In response, Helms scheduled three hearings during the week of April 7 10 on the CWC. The first hearing, on April 8, starred four former secretaries of defense: Caspar Weinberger, James Schlesinger, Donald Rumsfeld and, by prepared statement, Richard Cheney. "The Senate is being asked to ratify the CWC even though it is likely to be ineffective, unverifiable, and unenforceable," Cheney wrote. Schlesinger emphasized specific problems by saying, "the U.S. is obliged to share (CW) technologies with Iran, Cuba and other such nations." Weinberger dismissed the importance of "norms" that would outlaw the development, stockpiling and use of CW. "I don't think for a moment that it would make the slightest difference to Saddam Hussein whether it was legal or illegal for him to use poison gas," he said.

Albright, who testified alone in support of the treaty the same day, since Helms limited the number of proponent witnesses, stressed "the imperative of American leadership" on the CWC, and that there would be "real costs" to not becoming an original party. She went on to refute assertions on the sharing of CW technology made by the former secretaries of defense, saying, "the CWC prohibits members from providing any assistance that would contribute to chemical weapons proliferation." In countering Weinberger, Albright stressed the importance of international norms and said, "the lowest common denominator is not enough. Those who abide by the law, not those who break it, must establish the rules by which all should be judged."

An additional hearing on April 9 underscored Helms' determination to have more critics of the treaty appear before his committee than proponents. Speaking against the treaty were Jeane Kirkpatrick, former U.S. Ambassador to the United Nations; Fred Ikle, former ACDA director; Richard Perle, former assistant secretary of defense; and Douglas Feith, former assistant secretary of defense. A panel of treaty supporters followed including retired General Brent Scowcroft, retired Admiral Elmo Zumwalt and retired Lieutenant General and former Ambassador Ed Rowny.

With less than three weeks before entry into force of the CWC, there will be little time to handle the treaty even if it leaves the committee for the Senate floor. Additional hearings, as promised by Helms, will only prolong the process. The prospects for timely consideration have been muddied further by the introduction of S.495, sponsored by Senator Jon Kyl (R AZ), an opponent of the treaty. Intended as an alternative to the CWC, the bill mandates sanctions on countries that use chemical or biological weapons. It is unilateral, domestic legislation outlawing chemical and biological weapons in the United States, but lacks the international scope of the convention. Daschle has rejected the bill outright and suggested it would receive a presidential veto, but the bill could provide enough political cover for undecided Republican senators wanting to avoid being labeled "pro poison gas" if they oppose the CWC.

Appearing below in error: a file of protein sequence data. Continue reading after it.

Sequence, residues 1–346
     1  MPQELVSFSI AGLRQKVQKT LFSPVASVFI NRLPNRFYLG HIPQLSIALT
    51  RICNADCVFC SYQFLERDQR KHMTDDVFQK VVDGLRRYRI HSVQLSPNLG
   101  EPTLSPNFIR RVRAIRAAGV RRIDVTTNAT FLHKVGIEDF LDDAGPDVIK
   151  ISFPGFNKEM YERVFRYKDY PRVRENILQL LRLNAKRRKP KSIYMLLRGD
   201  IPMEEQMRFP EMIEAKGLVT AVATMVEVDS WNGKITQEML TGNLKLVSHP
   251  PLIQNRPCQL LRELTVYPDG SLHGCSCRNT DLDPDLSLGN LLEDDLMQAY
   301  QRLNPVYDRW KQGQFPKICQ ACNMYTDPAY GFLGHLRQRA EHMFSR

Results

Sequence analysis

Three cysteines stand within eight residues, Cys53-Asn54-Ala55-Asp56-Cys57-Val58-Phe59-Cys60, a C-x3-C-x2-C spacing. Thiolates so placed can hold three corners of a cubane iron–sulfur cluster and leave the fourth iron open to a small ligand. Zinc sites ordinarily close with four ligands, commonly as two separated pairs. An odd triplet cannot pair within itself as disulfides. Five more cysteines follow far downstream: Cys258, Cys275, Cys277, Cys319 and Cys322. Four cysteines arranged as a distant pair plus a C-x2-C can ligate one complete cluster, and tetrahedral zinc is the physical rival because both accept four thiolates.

Majority Leader Emerges As Key To Fate of CWC in Senate

111 States Consider Draft Treaty Banning Anti-Personnel Landmines

March 1997

By Sarah Walkling

After considering an Austrian draft of a treaty to ban anti personnel landmines, 111 states concluded their February 12-14 closed door meeting in Vienna by sending Austria back to the drawing board. The draft served as a starting point for the upcoming negotiations in the Canadian led "Ottawa Process" seeking to achieve a worldwide comprehensive ban on anti personnel landmines by December 4, 1997. The next version of the treaty, to be presented June 24 27 in Brussels, Belgium, will have to take into account many states' strong opposition to the draft's verification regime and disagreement over the timeline for landmine destruction.

Of the 34 opening plenary statements, approximately half—mostly by Latin American, African and Asian countries—expressed support for a total ban. The conference had before it a draft agreement obliging parties not to use, develop, produce, acquire, stockpile, retain or transfer (directly or indirectly) anti personnel landmines during armed conflicts and times of peace, or to provide assistance for such activities. Acquisition or retention of mines in "small amounts" would be permitted only for development and teaching of mine clearance, detection or destruction techniques. Debate arose over the comprehensiveness of the ban, with Cuba, Sri Lanka, Ecuador and South Korea defending their right to use landmines for self defense.